I just got back home from Fosscomm 2011 and I must admit it has been one of the best organized events of this kind I’ve seen in Greece ever. The single most important fact was that presentations and workshops were always _on time_. They started on time, they finished on time. The organizers had to face even a power cut by the national energy company but they still managed not to fall behind on schedule. My only remark would be about the selection of the presentations that took place in the big room (called BA). Most of them gathered far less people than other presentations which took place in smaller rooms (B3 for example) and those rooms got extremely crowded from time to time. Maybe the organizers thought that generic open source presentations would attract more people than the technical ones but, unfortunately for them, and fortunately for “the greater good”, they were very wrong. This doesn’t reduce their achievement though. Another thing I would like to see on the next Fosscomm is less material given out to participants and instead spend this money on paying for travel expenses of people coming to speak on Fosscomm from abroad. Giving one (or even more) of the phones that HTC kindly provided to the voted by the participants best talk/presentation/workshop would also be very nice. My sincere congratulations to the organizing committee.
My IPv6 workshop
On my application to Fosscomm I had asked for one presentation and a separate workshop. This unfortunately wasn’t accepted, probably due to the large amount of other presentations/workshops, so I was given the first workshop on the very first day of Fosscomm, about “Using IPv6”- on Linux. Since I only had one hour, my original plans were to do a quick 15 min introductory presentation on IPv6 and then a 45 min hands-on lab. Since University of Patras could not provide IPv6 connectivity to the Lab, my other option was to have some remote VMs that would have upstream IPv6 connectivity and people on the Lab would ssh to. These VMs were kindly provided to us by Grnet and I have to publicly thank them one more time. My planning was bad though, people had far more questions about introductory IPv6 issues than I expected and the intro presentation was not finished until more than 35 mins had passed. This lead to the unfortunate result that the workshop could not be completed as I had planned. I am glad though that almost everyone logged into the VMs and had the chance to at least set up an IPv6 IP manually as well as an IPv6 default route. They also had their first ping6s. Some got even further by setting up ip6tables rules…What I definitely wanted to have shown during the workshop, and I didn’t have enough time to, was auto-configuration (SLAAC) which I consider to be one of the most intriguing features of IPv6. Next time I am doing either a presentation or a hands-on workshop, definitely not both in one session. Lesson learned.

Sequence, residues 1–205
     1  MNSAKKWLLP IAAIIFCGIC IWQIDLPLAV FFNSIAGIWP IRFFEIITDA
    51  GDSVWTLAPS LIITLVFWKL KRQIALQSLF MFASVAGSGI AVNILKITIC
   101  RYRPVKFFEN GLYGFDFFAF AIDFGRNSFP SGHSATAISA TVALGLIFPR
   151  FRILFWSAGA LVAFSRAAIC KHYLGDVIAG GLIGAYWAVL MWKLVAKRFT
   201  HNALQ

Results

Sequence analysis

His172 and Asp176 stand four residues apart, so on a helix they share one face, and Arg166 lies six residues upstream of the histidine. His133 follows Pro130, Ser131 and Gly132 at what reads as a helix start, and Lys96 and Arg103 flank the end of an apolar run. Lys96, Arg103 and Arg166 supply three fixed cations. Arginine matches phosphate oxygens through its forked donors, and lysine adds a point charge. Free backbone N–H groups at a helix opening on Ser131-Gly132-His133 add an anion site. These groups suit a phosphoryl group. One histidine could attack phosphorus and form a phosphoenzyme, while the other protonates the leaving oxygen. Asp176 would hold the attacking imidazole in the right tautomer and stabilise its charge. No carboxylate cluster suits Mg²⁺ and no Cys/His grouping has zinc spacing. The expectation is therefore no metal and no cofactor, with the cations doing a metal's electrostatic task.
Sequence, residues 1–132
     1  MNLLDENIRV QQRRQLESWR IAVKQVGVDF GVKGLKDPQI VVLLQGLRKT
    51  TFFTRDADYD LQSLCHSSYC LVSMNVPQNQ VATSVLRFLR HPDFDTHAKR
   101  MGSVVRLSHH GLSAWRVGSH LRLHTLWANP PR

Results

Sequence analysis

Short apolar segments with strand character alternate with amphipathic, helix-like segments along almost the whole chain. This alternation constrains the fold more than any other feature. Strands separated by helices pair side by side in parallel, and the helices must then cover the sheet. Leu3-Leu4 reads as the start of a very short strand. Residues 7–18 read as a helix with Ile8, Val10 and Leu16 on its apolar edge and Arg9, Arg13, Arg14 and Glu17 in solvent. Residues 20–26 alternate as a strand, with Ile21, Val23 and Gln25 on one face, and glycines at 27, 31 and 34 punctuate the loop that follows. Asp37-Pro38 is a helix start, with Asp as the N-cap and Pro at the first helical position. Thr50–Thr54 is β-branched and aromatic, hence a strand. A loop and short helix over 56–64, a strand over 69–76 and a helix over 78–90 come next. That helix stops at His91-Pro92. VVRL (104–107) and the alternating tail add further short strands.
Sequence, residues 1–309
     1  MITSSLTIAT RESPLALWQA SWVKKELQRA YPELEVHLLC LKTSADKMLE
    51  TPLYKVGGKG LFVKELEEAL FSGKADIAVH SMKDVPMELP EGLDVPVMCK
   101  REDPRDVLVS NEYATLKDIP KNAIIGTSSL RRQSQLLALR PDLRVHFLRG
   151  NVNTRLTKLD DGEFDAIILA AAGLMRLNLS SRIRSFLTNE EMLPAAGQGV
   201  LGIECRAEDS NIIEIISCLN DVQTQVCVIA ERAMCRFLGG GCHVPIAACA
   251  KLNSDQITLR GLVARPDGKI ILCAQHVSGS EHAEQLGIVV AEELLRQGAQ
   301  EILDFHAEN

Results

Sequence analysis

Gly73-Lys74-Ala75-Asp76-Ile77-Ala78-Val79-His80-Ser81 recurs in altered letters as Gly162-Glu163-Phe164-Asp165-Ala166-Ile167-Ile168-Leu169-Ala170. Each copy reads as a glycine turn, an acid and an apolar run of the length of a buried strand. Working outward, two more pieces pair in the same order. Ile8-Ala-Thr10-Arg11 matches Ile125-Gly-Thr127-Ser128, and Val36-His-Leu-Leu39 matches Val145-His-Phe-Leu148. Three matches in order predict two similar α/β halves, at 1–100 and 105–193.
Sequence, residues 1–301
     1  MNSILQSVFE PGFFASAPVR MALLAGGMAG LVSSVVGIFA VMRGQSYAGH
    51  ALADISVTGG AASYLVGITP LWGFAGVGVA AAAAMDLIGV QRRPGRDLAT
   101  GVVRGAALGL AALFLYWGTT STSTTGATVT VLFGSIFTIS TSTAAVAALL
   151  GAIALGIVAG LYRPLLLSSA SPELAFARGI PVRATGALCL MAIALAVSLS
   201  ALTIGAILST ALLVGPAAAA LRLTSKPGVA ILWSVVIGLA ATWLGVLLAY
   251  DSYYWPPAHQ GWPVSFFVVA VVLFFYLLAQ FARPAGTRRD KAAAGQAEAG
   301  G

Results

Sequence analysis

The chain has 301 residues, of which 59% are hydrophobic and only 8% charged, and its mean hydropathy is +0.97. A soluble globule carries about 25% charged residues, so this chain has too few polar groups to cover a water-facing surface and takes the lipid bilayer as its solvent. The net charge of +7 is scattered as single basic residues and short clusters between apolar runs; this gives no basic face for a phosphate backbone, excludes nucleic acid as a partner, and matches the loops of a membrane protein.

Talks I attended
All the talks I attended were very interesting, I probably did a very good job picking them The ones I attended were:
a) “A unified user account manager using LDAP/KRB5/CIFS” by Giorgos Mamalakis, Chariton Karamitas
b) “Network Exploitation with Ncrack” by Fotis Chatzis
c) “Wargames” by Patroklos Argyroudis, Fotis Chatzis, Chariton Karamitas